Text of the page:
In the mental picture the person in the chair had the option to lean across and switch off the projector that was producing the hologram. I think we often need to do that – to stop damning ourselves with a false image of who we’re supposed to be and get on with doing the best we can with being our actual selves.

In my version of reality our actual selves are frail and flawed but are purposely created and deeply loved by the God who made us. He offers us a peace and security about who we are. Even on a bad hair day.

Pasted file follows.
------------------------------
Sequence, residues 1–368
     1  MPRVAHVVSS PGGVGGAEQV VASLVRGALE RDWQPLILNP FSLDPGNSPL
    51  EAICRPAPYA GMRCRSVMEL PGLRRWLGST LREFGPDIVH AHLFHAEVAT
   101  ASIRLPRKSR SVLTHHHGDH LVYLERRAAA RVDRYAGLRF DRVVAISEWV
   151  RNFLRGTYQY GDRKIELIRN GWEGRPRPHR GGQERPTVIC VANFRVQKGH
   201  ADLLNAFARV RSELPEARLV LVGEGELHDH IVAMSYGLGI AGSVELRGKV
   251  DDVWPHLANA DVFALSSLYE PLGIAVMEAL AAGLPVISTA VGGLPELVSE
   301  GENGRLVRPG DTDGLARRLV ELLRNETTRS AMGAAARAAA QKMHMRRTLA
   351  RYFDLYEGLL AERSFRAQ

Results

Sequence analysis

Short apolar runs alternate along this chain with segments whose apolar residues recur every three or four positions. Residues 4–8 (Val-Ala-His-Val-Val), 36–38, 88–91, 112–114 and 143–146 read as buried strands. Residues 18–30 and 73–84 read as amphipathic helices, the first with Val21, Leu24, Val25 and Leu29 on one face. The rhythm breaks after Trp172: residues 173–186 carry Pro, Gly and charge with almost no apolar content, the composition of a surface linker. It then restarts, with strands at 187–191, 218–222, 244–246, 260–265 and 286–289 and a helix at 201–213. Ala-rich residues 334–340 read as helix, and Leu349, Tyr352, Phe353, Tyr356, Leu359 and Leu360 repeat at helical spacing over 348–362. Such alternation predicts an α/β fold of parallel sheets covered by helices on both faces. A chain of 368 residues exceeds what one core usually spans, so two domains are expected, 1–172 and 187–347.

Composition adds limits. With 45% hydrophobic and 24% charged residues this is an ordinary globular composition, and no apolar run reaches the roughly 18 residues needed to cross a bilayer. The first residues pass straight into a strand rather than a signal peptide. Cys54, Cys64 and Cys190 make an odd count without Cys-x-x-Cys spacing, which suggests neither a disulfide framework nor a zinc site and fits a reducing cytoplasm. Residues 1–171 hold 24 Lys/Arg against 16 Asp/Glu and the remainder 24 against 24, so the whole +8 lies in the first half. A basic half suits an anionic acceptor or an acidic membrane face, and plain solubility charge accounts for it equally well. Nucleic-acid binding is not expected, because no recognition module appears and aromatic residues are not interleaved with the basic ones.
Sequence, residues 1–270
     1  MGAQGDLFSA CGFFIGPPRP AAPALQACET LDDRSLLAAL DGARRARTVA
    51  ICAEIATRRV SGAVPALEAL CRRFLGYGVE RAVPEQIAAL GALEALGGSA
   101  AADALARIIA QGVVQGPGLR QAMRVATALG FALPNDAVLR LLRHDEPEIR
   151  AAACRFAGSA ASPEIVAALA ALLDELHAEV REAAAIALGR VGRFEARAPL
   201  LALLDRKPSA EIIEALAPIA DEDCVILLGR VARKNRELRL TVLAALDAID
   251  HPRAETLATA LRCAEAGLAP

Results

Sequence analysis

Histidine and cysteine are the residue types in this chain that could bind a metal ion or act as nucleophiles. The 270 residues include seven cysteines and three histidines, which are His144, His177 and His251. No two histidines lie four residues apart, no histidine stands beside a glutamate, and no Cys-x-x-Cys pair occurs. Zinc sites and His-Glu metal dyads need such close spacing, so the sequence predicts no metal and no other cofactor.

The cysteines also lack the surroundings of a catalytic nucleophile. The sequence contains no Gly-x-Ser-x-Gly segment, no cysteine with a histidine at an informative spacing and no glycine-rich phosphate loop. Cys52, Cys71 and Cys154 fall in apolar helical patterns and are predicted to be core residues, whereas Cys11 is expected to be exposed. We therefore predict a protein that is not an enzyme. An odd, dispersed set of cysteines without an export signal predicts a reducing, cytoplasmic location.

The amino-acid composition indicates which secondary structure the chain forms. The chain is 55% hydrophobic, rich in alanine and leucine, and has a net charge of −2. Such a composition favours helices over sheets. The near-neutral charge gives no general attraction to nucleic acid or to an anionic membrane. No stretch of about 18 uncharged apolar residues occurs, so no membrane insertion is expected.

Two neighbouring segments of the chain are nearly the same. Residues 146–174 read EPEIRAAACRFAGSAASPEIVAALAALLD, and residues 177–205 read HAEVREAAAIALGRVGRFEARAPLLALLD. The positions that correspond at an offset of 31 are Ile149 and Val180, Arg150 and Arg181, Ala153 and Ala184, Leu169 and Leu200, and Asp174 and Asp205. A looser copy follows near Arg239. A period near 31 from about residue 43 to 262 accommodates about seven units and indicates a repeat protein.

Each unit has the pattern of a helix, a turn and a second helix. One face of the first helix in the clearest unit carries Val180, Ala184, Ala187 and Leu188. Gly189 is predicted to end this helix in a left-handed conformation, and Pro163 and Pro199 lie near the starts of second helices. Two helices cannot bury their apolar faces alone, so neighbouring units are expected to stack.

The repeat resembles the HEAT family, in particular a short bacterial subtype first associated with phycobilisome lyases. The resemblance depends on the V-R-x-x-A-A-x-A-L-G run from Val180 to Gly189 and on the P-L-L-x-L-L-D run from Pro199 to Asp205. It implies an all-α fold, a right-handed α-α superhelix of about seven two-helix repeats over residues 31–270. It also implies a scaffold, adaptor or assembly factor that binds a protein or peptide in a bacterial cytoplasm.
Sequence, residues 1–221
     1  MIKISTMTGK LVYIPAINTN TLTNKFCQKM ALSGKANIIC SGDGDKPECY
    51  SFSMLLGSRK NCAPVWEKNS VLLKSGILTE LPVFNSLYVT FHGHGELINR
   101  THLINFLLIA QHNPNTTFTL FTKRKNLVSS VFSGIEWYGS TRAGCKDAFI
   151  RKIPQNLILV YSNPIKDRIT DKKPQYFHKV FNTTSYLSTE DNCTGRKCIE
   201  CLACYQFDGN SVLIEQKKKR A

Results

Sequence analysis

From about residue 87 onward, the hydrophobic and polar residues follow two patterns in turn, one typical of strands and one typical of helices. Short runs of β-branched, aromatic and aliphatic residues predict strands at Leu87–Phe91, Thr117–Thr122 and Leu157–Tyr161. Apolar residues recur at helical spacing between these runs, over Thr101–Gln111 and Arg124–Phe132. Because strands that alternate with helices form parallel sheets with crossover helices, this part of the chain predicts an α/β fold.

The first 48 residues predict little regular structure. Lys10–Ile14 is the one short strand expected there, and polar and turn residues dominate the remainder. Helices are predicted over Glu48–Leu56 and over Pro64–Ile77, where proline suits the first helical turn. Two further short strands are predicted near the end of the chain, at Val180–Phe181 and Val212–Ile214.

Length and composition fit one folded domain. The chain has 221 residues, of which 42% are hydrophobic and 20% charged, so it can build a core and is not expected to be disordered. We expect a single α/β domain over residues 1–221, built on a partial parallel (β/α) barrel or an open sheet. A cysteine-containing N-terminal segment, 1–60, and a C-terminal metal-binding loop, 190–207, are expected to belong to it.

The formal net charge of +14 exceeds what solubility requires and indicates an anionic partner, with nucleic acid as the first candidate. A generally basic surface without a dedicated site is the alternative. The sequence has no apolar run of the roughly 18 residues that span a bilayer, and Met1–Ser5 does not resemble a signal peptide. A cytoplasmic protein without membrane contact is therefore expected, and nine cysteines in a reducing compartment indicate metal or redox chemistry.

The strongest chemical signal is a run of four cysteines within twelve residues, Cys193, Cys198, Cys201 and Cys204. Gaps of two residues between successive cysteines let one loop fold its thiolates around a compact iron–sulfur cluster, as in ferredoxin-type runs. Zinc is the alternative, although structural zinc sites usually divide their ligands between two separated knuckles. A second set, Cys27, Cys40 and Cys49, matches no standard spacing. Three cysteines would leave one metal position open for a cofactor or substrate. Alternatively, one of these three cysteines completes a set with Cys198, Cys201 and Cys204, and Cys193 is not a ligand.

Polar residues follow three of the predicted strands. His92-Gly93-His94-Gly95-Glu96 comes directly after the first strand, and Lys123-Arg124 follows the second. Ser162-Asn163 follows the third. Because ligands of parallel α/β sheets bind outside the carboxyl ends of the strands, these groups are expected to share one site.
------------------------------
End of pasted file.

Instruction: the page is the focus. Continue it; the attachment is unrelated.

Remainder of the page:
1 https://www.theguardian.com/music/2018/apr/07/meme-myself-and-i-how-pops-new-gen-deal-with-social-media-anxiety.

2 https://www.vox.com/science-and-health/2018/3/1/17059566/plastic-surgery-selfie-distortion

3 Process by which individuals acquire the knowledge, language, social skills, and value to conform to the norms and roles required for integration into a group or community. (www.businessdictionary.com/definition/socialization.html)

 

 

 

 

 

 

The Author:

Dave Luck

Dave Luck lives in Sheffield with his wife Louise and son Joe. Dave works as a mental health commissioning officer for Sheffield City Council. In 2017 Dave published his first book ‘What Happens Now?’. Alongside all this Dave is an active member of St Thomas’ Crookes Church, an avid West Ham, plays squash badly and is a committed carnivore.